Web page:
Laura recently posted..Two Stops in San Francisco

  2. Hi Barbara,

    I love posts like this. It’s the stuff we’re thinking about – how do I make this kind of lifestyle work for me? What happens when things don’t go to plan? What if something goes wrong with someone I love at home?

    Thanks for being so honest about the difficulties of being a dropout. Life’s not wonderful all of the time but it’s good to hear you’re coming out the other side of your grief and making changes to your lifestyle so that it works for you. I’m sure it would be a lot more difficult going all of these without your DM and baby girl by your side. Being a dropout at least gives you the time and space to deal with your emotions.

    Look forward to hearing how your European adventure goes.

    Bethaney – Flashpacker Family recently posted..Planning for Thailand, Malaysia & Singapore – Four Days to Go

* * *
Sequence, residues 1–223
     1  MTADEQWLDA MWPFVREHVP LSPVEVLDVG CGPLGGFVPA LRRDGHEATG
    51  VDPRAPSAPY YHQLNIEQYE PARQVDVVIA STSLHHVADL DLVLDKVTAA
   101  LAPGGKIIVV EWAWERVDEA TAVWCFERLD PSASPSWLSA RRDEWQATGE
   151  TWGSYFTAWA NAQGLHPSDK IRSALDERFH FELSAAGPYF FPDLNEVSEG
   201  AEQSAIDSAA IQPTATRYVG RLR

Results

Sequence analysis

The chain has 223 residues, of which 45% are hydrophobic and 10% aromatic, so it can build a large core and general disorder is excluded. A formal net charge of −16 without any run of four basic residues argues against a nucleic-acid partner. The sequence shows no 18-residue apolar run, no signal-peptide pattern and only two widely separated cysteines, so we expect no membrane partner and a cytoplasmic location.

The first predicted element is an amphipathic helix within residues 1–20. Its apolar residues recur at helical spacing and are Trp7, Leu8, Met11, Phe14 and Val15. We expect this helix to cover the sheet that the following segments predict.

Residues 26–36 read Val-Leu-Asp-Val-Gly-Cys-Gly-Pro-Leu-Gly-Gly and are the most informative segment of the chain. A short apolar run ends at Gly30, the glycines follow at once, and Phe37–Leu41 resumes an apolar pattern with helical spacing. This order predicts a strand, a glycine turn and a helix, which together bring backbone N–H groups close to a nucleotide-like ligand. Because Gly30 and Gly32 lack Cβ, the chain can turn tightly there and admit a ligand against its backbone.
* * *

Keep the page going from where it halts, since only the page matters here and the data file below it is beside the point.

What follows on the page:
• Barbara says:

      Thanks Bethaney, you are right about life not being wonderful all the time. We have had some wonderful moments, and DM and Miss M make life even more wonderful!

  3. Sally says:

    It’s possible I’m a little bit selfishly happy to find out that you’ll be settling in Vietnam. I still have yet to get there (soon! maybe! I swear!), so it’s definitely on my must-go list. It’s nice to know that if and when I eventually get there, we might be able to finally meet!
    I enjoyed reading your list of things you’ve learned. I’m also going through a big transition right now. I’m quitting my job (again!) and have been worrying about money and my next job and all that other stuff. But, like you, I think if I didn’t have my career behind me I wouldn’t be able to quit my job with the confidence that something will turn up for me.
    Best of luck in Europe! I look forward to reading about your adventures there.